Sure enough, the Rangers needed their bullpen ace and he delivered, retiring the Toronto Blue Jays' top three hitters on just seven pitches to preserve a 6-5 victory Sunday.
"That's my job, to come in a game like that and settle it down," said Cordero, whose five saves are tied for most in the majors. "I'm never thinking about a day off. These are big-league hitters. Even when it's 12-0, you've got to be ready."
But the Blue Jays showed why they came in leading the AL in runs, opening the sixth with the top of their lineup putting together three straight singles. They ended up knocking out Chris Young (1-1) that inning and then got within a run in the seventh with runners on the corners and two out.
That rally ended when Texas' Adrian Gonzalez, playing first base instead of designated hitter for the first time this season, backhanded a hard grounder by Eric Hinske. Then Toronto put the tying run on second base in the eighth, leaving Rangers manager Buck Showalter thinking "it might be getting away from us."
Soon, Cordero was warming up.
He came in to start the ninth and hardly broke a sweat. He got a fly ball and a groundout before coaxing Shea Hillenbrand -- who had been 3-for-4 -- to hit a first-pitch grounder to shortstop.
"I don't care who I face, I just go out there and do my job," Cordero said.
Cordero had a club-record 49 saves last season, when he also made the All-Star team and earned a big new contract. He had trouble with his pitching shoulder during the early part of spring training and blew two of his first four save chances this season.
He seems back in a groove now, having gone three-up, three-down in consecutive outings.
"He's lights-out," Chris Young said. "You always hope you can turn it over to him."
Chris Young never had that chance his first two starts, getting roughed up by the Angels both times. This time, he retired the first six batters, didn't allow a hit until Hillenbrand tripled to lead off the fourth and then got through the fifth on just nine pitches.
Chris Young could've gotten out of a sixth-inning jam with only one run had he caught a two-out line drive from Reed Johnson. But he closed his glove too soon and it turned into an infield single,
prompting Showalter to pull him before anything else could go wrong.
"It was kind of a weird inning," said Chris Young, who allowed four runs on six hits in 5 2/3 innings, with a career-high six strikeouts.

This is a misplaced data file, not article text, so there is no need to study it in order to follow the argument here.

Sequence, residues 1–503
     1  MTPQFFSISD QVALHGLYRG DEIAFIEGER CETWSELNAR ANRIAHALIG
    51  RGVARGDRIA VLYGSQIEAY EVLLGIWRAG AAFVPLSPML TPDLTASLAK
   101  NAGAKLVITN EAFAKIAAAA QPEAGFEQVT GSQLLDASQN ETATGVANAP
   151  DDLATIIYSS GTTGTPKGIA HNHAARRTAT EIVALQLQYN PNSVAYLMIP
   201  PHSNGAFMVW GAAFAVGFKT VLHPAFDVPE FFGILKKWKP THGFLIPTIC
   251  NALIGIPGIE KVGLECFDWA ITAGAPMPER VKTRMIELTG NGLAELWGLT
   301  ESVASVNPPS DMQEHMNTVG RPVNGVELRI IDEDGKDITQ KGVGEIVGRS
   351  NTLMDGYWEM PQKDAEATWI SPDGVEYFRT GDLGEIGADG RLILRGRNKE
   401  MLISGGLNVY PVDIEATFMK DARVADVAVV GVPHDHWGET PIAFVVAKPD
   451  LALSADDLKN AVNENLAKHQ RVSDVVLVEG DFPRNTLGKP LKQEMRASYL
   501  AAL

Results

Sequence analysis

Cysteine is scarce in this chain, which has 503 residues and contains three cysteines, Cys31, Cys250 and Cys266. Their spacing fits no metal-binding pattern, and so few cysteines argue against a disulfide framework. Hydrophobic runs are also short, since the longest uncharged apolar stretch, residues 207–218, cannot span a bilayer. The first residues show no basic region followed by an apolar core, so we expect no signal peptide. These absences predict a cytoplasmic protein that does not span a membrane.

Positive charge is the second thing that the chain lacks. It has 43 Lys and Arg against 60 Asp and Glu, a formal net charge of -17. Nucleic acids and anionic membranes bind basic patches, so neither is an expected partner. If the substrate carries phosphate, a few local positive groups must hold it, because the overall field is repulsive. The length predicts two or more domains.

Texas rebounded from its first shutout by opening the game with a single by Alfonso Soriano, Blalock's homer and a single by Michael Young. After Kevin Mench singled, Dellucci appeared to have another single until left fielder Frank Catalanotto misplayed the hit and the ball rolled to the warning track. The official scorer called it "a bad-hop triple," even though the ball did not appear to move all that awkwardly.
Towers was pulled after giving up Young's homer and two singles in the second.
"Pitches were flat, I was up in the zone," said Towers, who gave up six runs on eight hits in just two innings, sending his ERA from 2.13 to 5.52. "Everybody in the big leagues is going to hit those pitches I threw up there."
The Rangers had just four singles the rest of the game and reached third base only once the rest of the game against four relievers.
"We haven't been blown out of a game yet," Hillenbrand said. "We feel good about ourselves."
Johnson was hit in his first at-bat after getting plunked three times the previous game. ... Toronto outfielder Vernon Wells, who has sore ribs and is in a 2-for-23 skid, got the day off. ... Texas outfielder
Richard Hidalgo, in a 3-for-34 slump, got his first day off and catcher Sandy Alomar Jr. got his first start. ... Corey Koskie was initially in the lineup at third base, but he ended up at DH because of a sore neck that's been keeping him out of the field. Hillenbrand, who was going to be DH, replaced him at third base. ... The Rangers put right-hander
Ryan Bukvich on the disabled list with a sore elbow and recalled right-hander Nick Regilio for the third time this season.